Thai election: 2 opposition parties allege cheating
Confusion over outcome as two opposition parties allege cheating, consider legal challenges
BANGKOK Thailand's first general election since a military coup five years ago was thrown into disarray yesterday as two opposition parties alleged cheating and the election commission said it could be weeks until the make-up of parliament becomes clear.
Confusion over the outcome of Sunday's election raised the spectre of a protracted struggle to form a government, spoiling hopes of a clear-cut result that could have ended 15 years of political turmoil in South-east Asia's second largest economy.
Both the pro-army party seeking to keep coup leader Prayuth Chan-o-cha on as prime minister and the opposition party linked to self-exiled former premier Thaksin Shinawatra, claimed they would command enough parliamentary seats to form a coalition government.
The pro-Thaksin Pheu Thai party said it was considering a legal challenge over what it said were poll irregularities after partial results showed Mr Prayuth's Palang Pracharat party with an unexpected lead in the vote.
The strong early showing for Palang Pracharat increased the likelihood that Mr Prayuth, who was army chief when he overthrew a Pheu Thai government in 2014, would stay in power, although that outcome was not certain.
"There are irregularities in this election that we're not comfortable with. These affect the nation's credibility and people's trust," said Ms Sudarat Keyuraphan, candidate for prime minister of the Pheu Thai Party.
"We've voiced our concerns before for vote-buying, abuse of power, and cheating. All three have manifested. We will fight back through legal means," she told a news conference.
Mr Thaksin said yesterday that the ruling military junta "manipulated" the results.
"I knew that the junta running Thailand wanted to stay in power, but I cannot believe how far it has gone to manipulate the general election on Sunday," Mr Thaksin wrote in an opinion piece in the New York Times.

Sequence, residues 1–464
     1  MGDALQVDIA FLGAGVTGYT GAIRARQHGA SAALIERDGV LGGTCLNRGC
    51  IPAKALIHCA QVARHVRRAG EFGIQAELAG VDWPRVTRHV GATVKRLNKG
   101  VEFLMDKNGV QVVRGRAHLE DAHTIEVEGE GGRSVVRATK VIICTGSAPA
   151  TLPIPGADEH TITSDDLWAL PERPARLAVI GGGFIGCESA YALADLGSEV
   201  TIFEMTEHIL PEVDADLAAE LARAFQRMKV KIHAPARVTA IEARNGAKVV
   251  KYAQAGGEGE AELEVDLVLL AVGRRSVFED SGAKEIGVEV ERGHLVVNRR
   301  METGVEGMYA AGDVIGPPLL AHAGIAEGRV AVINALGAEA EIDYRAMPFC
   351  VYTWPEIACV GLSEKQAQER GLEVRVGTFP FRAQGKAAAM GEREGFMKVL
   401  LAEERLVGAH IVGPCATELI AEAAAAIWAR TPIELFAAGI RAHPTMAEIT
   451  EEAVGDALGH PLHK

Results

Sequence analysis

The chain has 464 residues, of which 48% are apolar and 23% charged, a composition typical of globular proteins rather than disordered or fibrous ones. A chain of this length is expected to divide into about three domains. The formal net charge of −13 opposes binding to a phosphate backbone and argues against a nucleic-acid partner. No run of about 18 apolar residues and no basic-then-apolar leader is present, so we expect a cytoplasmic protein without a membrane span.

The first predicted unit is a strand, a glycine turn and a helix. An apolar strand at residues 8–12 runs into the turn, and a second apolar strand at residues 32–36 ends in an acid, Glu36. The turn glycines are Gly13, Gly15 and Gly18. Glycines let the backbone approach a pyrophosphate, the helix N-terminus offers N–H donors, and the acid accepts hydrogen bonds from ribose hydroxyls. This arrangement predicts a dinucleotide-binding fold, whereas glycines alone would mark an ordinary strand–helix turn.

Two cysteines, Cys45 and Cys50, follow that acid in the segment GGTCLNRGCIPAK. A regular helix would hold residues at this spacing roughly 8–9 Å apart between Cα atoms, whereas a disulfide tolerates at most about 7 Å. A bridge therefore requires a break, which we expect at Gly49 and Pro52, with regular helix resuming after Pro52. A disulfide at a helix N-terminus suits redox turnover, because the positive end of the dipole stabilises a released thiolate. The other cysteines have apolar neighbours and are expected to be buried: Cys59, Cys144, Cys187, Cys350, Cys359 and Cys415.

The lower house and the upper house Senate, whose 250 members are appointed by the junta, will together select the next prime minister based on the support of a simple majority of 376 lawmakers.
That means Mr Prayuth's party and allies have to win 126 seats in the lower house to vote him in as prime minister, while Pheu Thai and its potential "democratic front" partners would need 376 to choose the next premier.
The House of Representatives, the lower house, has a total of 500 seats, and yesterday the Election Commission posted the winners of the 350 seats that were contested on a first-past-the post basis.
The as yet unofficial results showed Pheu Thai leading with 137 seats to 96 seats for Mr Prayuth's party.
However, official results for the lower house's remaining 150 "party seats", which will be allocated by a complex formula involving voter turnout, will not be announced until May 9.
Future Forward, a new party that appears to have made a spectacular election debut, winning 30 of the 350 constituency seats thanks to its appeal among young voters, also questioned the poll numbers. - REUTERS